areas but constrained by resources to carry out detail exploration /
investigation. Potential distribution of species prioritises the favourable
biogeographic areas to lead the conservation / management activity
in a more focused way. The advantages of distribution modeling is
manifold like, explaining basic ecological phenomenon behind
species distribution, understanding biogeography and dispersal
barriers, verification of the earlier presence records, explored the
yet uncovered regions, assessment of impacts of environmental
changes over species distribution, conservation planning and
reserve system design (Peterson, 2006; Guisan and Thuiller, 2005;
Johnson, 2005). Considering the extent of plant distribution and
diversity in India, available data related to ecology and
environmental preference still represents a small fraction of this vast
field especially distribution modelling (Ganeshaiah et al., 2003;
Irfan Ullah et al., 2007; Giriraj et al., 2008).
Predictive distribution models aid in forecasting the spatial
occurrence of species, especially, habitat suitability or realized niche
based on the data from traditional field work in conjunction with
climatic and topographic factors (such as slope, elevation, and
precipitation) (Pearson, 2007). This habitat suitability or niche
In our study, we developed predictive distribution models
of Berberis aristata using three different modeling techniques, GARP,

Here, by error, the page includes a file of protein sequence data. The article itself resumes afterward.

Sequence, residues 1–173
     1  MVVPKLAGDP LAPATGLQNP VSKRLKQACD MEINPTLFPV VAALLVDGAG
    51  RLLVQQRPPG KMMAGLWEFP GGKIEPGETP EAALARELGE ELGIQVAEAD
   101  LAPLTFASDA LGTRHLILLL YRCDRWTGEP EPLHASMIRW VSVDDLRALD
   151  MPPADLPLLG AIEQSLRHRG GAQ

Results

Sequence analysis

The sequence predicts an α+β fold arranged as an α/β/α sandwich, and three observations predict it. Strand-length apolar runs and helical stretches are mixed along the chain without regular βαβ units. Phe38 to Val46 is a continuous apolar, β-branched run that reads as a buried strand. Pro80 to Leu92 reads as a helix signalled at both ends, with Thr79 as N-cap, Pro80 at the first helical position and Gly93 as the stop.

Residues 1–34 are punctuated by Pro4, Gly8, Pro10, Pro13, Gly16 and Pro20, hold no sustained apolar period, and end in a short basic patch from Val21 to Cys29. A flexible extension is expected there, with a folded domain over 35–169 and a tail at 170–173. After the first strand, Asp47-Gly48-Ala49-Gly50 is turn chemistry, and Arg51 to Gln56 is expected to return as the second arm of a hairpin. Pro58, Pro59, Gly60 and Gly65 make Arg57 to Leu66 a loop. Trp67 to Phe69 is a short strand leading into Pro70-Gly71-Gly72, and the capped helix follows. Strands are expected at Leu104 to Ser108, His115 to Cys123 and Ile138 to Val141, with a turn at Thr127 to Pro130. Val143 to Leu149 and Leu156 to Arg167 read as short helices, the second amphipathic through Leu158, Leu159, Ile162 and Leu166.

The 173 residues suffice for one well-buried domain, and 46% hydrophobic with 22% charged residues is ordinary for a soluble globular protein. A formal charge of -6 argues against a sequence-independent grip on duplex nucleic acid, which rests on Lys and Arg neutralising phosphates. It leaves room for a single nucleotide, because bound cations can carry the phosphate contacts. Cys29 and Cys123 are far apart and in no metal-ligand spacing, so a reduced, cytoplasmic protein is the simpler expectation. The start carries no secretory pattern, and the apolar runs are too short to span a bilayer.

Indo-Himalayan states
i s
t a
Tib et
Bhu tan
Bangl adesh
Fig. 1: Study area : Indo – Himalayan region ( = occurrence points for B.aristata)
Journal of Environmental Biology
November 2011
Distribution Modelling of Berberis aristata DC
Bioclim and MaxEnt to know its potential distribution in IndoHimalayan region.
Materials and Methods
Study area: Indian Himalayan Region (IHR) ranges from Jammu
and Kashmir to Arunachal Pradesh including Himachal Pradesh,
Uttarakhand, Sikkim, Darjeeling district of West Bengal. North - East
states (i.e. Assam, Meghalaya, Manipur, Nagaland, Mizoram and
Tripura) are also included as part of Eastern Himalaya as per
available literature (Samant et al., 1998; WWF-US, 2005) (Fig 1.).
Species occurrence data: Twenty one occurrence points of
Berberis aristata were shortlisted from a collection of field survey
done at Moolbari watershed area of Himachal Pradesh, India and
secondary data available from published literatures (Uniyal, 2002;
Chhetri et al., 2005; Anonymous, 2007-2008) (Fig 1.). Moolbari
watershed is situated in Shimla district, Himachal Pradesh, India
and encompasses an area of 13.41 km2 from 31.07-31.17oN and
77.05-77.15oE. Field study was conducted by following standard
ecological methods and the species was identified with the help of
keys (published flora) in addition to the consultation of herbarium
samples and discussion with the Himalayan flora experts.
Environmental data: For environmental information, 19 bioclimatic
variables derived from globally interpolated datasets (source: http:/
/www.worldclim.org) representing annual trends, seasonality and
extreme or limiting environmental factors, were used for the modelling
study which are presumed to be maximum relevant to plant existence
(Pearson and Dawson, 2003; Irfan Ullah et al., 2007). The